Did Farrah Fawcett Make More Money From ‘Charlie’s Angels’ or Her Poster?

Farrah Fawcett was famous for two things: her career in Angels of Charles – one of the most famous TV shows of the 1970s – and her famous poster. This raises an interesting question: What was more profitable for Fawcett? Here’s a look at the story behind the iconic poster and how it was carried away from a moment of “despair.” ”

Farrah Fawcett, Kate Jackson and Jaclyn Smith standing in a row
Farrah Fawcett-Majors, Kate Jackson and Jaclyn Smith Walt Disney Television via Getty Images Walt Disney Photo Archives / Television via Getty Images

Farrah Fawcett of ‘Charlies’ Angels’ was on a poster that came from a moment of’ despair ‘

Weekly entertainment reports that a photographer by the name of Richard McBroom received a call in 1976 about Fawcett being photographed for a poster. McBroom describes, “One day I got a call from a guide in the Midwest from a poster company. He said ‘I am making this poster of Farrah Fawcett and Farrah said hire you to shoot it. “McBroom went on” I looked up and it was just the two of us… .. Rinnarrah did her own hair and shape, not that she needed a lot of makeup. ”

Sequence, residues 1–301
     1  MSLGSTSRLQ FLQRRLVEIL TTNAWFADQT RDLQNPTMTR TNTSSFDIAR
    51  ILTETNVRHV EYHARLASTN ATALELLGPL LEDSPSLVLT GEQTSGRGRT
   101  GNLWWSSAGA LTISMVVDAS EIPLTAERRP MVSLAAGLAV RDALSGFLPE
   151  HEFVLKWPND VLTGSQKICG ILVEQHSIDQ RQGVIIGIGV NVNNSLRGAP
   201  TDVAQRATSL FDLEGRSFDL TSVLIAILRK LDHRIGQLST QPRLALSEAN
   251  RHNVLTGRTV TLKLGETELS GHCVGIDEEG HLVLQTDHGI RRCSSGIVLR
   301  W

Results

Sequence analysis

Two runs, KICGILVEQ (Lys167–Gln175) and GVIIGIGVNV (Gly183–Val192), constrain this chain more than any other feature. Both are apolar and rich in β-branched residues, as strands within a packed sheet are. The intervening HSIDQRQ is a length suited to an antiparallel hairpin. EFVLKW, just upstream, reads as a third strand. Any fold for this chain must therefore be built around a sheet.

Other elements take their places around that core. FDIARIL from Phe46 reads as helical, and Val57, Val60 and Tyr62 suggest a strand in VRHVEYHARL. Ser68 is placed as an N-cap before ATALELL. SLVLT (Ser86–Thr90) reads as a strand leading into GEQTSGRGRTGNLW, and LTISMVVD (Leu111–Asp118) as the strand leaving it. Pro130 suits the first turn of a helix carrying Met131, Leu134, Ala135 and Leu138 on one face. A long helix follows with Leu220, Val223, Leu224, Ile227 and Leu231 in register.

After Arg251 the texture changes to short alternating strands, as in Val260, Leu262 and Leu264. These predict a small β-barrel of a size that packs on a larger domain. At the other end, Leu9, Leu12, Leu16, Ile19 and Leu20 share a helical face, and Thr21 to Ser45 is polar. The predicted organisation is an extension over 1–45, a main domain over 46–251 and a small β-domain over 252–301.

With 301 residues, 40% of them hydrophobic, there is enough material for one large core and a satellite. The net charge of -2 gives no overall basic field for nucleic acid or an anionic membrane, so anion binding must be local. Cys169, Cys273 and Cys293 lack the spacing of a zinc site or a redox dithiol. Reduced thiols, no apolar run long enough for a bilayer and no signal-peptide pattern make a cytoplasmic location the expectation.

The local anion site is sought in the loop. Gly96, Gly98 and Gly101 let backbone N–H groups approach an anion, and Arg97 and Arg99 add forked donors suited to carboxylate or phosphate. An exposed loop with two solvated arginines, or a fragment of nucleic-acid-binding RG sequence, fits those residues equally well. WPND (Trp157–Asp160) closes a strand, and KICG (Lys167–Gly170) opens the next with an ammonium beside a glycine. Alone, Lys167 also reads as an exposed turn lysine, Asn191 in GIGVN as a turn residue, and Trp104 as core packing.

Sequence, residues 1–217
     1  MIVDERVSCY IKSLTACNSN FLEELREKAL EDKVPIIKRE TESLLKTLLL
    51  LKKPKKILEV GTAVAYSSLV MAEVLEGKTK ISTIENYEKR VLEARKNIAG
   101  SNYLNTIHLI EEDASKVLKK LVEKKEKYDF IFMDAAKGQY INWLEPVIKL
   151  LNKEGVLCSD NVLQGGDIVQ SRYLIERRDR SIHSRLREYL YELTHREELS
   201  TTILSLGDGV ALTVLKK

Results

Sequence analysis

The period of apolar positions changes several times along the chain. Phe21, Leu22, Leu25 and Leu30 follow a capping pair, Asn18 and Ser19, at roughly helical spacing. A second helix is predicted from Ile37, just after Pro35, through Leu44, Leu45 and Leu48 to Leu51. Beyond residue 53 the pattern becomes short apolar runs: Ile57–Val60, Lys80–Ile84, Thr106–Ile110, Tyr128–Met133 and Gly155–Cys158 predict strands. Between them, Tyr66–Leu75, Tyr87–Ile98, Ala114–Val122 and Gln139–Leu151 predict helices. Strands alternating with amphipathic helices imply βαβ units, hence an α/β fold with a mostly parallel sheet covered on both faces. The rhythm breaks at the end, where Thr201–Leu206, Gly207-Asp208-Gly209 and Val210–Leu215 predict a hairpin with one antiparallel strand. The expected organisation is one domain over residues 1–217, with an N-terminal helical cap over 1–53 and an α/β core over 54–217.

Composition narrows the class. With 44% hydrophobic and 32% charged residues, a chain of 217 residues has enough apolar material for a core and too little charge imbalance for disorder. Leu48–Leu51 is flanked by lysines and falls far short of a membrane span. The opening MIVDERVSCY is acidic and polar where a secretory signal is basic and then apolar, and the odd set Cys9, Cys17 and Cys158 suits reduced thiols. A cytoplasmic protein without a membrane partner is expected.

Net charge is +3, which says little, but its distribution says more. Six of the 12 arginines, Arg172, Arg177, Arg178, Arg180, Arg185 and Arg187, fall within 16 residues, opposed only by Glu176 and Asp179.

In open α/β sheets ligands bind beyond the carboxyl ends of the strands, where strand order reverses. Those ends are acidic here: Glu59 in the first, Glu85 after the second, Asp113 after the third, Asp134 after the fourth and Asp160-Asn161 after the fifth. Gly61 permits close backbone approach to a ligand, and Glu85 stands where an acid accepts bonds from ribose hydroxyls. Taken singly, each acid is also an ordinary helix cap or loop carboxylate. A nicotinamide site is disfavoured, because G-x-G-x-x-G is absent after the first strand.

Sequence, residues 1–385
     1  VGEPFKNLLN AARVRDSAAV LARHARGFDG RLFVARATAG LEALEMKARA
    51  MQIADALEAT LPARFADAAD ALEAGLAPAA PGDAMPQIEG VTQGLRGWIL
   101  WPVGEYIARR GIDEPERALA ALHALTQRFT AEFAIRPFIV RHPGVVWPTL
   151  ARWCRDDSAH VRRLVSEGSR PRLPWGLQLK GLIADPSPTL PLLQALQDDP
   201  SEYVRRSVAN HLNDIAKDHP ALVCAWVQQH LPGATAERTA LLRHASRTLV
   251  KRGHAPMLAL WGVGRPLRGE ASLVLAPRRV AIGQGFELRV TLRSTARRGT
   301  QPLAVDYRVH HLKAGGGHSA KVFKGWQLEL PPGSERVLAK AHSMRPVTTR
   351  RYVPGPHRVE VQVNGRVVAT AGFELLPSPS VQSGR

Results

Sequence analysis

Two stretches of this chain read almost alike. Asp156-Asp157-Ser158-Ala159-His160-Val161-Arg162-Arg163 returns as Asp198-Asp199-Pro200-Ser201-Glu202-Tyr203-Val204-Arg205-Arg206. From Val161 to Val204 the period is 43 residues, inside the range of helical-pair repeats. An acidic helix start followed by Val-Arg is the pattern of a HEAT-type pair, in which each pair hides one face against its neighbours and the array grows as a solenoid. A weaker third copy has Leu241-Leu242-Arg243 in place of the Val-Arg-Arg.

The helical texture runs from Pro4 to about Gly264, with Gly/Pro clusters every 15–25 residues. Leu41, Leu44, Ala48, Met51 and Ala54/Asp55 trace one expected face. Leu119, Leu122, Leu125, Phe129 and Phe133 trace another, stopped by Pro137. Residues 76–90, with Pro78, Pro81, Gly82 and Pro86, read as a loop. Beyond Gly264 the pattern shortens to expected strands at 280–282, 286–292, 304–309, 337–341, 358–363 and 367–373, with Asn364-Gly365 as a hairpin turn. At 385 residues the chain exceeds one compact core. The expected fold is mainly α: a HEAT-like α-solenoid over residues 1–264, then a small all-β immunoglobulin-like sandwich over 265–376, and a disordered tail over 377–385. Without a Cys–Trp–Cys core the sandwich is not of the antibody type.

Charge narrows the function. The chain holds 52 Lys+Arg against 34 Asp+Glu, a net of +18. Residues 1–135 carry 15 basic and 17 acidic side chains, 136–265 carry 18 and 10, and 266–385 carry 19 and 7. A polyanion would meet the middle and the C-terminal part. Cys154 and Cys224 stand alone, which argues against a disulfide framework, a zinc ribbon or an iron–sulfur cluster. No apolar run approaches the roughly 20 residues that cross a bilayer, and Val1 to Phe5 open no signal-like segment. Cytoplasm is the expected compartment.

McBroom finished at Fawcetts house all day with Fawcett putting on various outfits. He said that although she looked very good, he knew they had not caught what was going to work. Broom says he was “becoming pessimistic. He asked Fawcett if there was anything else she could try on – he asked if she had a bikini and she said she didn’t have one.

Farrah Fawcett with right
Farrah Fawcett | Robin Platzer / LIFE Photo Collection via Getty Images / Getty Images

Fawcett ended up making more money from the poster than from her career on it Angels of Charles. She earned $ 5,000 a week for her role on the show and $ 400,000 from the poster. The Fawcett poster became a pop icon of the 1970s and the poster was the biggest buy ever. Today, the swimsuit she wore is on the poster in the Smithsonian Museum. They sold half a million copies within the first few months of availability and eventually sold over 5 million copies – all as a result of a one-piece red swimsuit.

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